Having a baby is no mean feat, and the first year is an exhilarating and exhausting time of milestone after milestone, as baby grows and develops right before your very eyes.
First, he flips, then he crawls; soon he’s on his feet, and takes his first steps! Before you know it, those first twelve months have whizzed by in the blink of an eye, and his first birthday is just around the corner…
Now, you may be the perfect party planner who has all the details of this special day ironed out and arranged weeks or months in advance. In fact, I know someone who started planning her baby’s big do a whole six months earlier!
But for most of us, we hardly have the time to plan tonight’s dinner, let alone a party that involves invites, food, presents, guest lists and so on… so we’ve put together a simple go-to guide you can refer to if you are shopping for ideas and don’t know where to start.
Step #1: Decide on your priorities
If we had all the time in world, and all the money in our wallets, then sure, the sky would be the limit for our little do. But most of us have limited time, energy and cash to spare, so discuss with your spouse what’s most important to you and set a budget for the event.
If spending time with family and allowing them to enjoy your child is the main thing, then keep the friends invited to a minimum, or even just make it a family event.
What if you have a truckload of friends you want to be part of this big day? Why not have two parties – one for family and one for friends – so it doesn’t get too crowded or overwhelming for baby?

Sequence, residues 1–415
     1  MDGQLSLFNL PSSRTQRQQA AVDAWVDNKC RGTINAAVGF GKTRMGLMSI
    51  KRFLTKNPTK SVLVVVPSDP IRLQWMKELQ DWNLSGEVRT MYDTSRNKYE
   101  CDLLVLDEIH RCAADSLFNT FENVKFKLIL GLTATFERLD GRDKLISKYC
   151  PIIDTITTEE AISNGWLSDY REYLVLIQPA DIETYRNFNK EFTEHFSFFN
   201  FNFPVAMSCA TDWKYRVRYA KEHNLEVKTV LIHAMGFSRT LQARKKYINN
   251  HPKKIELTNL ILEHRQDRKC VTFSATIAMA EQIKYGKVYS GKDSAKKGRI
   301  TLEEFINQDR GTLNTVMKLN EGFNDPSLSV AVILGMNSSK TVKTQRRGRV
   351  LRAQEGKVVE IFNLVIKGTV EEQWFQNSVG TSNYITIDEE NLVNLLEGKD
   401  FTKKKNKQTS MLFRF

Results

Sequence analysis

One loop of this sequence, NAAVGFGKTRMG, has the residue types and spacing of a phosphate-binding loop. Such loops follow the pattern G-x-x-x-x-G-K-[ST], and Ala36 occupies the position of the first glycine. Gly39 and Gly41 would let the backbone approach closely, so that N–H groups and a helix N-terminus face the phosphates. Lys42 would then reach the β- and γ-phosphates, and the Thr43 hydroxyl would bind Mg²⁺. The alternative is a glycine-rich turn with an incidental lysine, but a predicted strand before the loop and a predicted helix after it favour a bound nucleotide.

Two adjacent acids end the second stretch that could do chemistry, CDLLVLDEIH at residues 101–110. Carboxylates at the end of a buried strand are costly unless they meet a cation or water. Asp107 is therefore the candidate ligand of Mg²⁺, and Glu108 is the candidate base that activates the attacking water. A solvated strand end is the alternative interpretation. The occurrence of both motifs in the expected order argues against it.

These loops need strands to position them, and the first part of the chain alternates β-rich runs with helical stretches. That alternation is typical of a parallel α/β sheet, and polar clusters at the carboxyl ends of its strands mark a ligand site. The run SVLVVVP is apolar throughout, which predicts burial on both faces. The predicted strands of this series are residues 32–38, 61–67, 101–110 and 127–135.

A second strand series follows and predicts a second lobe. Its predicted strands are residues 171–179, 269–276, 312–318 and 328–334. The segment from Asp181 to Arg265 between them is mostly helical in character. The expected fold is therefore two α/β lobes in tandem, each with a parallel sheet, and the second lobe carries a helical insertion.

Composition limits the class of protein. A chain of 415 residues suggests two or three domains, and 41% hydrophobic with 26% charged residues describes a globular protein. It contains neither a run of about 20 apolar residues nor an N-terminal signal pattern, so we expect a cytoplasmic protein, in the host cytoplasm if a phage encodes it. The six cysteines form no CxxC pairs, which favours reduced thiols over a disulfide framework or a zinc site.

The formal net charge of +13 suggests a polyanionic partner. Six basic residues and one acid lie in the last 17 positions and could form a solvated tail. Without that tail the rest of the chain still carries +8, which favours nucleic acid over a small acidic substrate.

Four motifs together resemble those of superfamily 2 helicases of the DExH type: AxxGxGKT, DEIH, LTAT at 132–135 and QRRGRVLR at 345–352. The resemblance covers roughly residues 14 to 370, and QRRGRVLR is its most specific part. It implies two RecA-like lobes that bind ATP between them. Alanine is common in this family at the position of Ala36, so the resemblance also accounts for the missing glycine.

Or maybe you’ve got the perfect picture of your party that you’ve been dreaming of since you found out you were preggers! Bunting, balloons and the most awesome cake are what you’d rather spend yourselves on. That’s perfectly fine as well.
Everyone who’s anyone will have their two cents to contribute to how they think the party should be run. Decide on what your priorities are going to be, and don’t sweat the stuff that isn’t that big a deal to you and your spouse.
Step #2: Confirm the guest list
Here are some questions to ask yourself when coming up with the guest list:
Will it be just immediate family? Extended family? How many friends do you want to invite? How many children are expected to be there? (Do they need a play area, or baby chairs?)
Step #3: Confirm the venue
If you are expecting several elderly relatives, it would be wise to include tables and chairs in your event, and to have it indoors where it’s cooler. On the other hand, if you are inviting several families with young kids, having an outdoor area for them to run about and let off steam would be ideal.
For indoor venues, consider booking a restaurant, holding it at home, asking your parents or in-laws to host the party at their place, booking a condominium function room or checking out indoor play spaces like Fidgets and SingKids for party options.
Step #4: Book your vendors
What’s a party without some awesome food? Now’s the time to scout for a caterer and/or cajole that friend or relative who’s a kitchen whiz to whip up a spread for you. Whether it’s a brunch, lunch, tea or dinner affair, the internet is your link to a host of companies.